Yields on French long-term OAT bonds rose on Thursday at its first auction of the year as the threat of a cut to the country's AAA credit rating prompted investors to demand higher returns for buying the bonds.

Market fears about the ability of euro zone states to fund their debts remain high, and France is seen by many to be more vulnerable to contagion in the crisis than Germany.

France sold 7.96 billion euros of 10- to 30-year bonds, at the very top of its projected range, after receiving total bids for nearly 15 billion euros.

Investors demanded a yield of 3.29 percent on the 3.25 percent OAT due in October 2021, above the 3.18 percent fixed when it was last auctioned on December 1, reflecting concerns that France is on the brink of losing its triple-A credit rating.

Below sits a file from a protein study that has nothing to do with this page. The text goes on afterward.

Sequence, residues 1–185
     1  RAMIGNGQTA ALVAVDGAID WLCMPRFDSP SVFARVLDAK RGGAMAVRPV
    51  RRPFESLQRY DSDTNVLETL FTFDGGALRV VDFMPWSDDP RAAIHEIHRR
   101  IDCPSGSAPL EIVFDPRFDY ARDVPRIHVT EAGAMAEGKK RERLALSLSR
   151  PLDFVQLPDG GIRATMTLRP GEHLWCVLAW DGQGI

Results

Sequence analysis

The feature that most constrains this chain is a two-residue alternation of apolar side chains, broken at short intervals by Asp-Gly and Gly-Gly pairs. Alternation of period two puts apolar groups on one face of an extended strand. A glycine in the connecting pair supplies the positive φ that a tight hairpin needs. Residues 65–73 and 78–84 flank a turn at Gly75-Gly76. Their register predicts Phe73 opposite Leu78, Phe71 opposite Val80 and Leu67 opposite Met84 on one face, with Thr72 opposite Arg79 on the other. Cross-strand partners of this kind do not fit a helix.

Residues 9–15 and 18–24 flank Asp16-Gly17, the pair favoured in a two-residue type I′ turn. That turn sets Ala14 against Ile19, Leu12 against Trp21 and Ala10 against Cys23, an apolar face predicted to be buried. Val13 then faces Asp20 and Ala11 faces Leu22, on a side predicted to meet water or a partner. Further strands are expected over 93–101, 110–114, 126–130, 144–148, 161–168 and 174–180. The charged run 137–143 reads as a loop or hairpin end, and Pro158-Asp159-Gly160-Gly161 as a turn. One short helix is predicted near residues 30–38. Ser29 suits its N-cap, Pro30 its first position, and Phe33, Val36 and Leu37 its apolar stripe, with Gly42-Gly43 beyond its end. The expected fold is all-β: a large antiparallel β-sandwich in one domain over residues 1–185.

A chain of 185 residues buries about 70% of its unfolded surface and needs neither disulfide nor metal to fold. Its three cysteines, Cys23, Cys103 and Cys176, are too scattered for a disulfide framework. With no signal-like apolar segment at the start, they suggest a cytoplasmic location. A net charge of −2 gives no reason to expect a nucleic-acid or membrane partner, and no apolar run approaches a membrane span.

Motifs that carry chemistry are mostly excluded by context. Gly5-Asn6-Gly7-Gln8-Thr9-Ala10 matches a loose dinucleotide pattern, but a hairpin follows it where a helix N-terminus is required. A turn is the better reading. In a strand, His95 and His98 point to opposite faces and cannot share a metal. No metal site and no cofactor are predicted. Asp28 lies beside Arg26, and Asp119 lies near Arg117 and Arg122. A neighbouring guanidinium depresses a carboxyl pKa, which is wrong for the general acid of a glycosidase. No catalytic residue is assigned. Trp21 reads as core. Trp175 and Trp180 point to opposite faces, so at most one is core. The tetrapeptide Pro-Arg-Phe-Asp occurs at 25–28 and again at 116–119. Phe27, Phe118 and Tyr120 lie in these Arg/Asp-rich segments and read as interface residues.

The yield on the 4.5 percent 30-year OAT maturing in April 2041 rose to 3.97 percent from 3.94 percent in the December 1 auction, the Agence France Tresor debt management agency said.

The Treasury placed 4.02 billion and 2.165 billion euros respectively of the 3.25 percent and 4.5 percent OATs.

It also sold 690 million euros of its 4.25 percent OAT maturing in October 2023 and 1.088 billion euros of its 4.75 percent OAT due in April 2035. Those bonds were last auctioned in June 2011, and early 2010, respectively, so yields are not comparable.

(Reporting by Daniel Flynn and Catherine Bremer)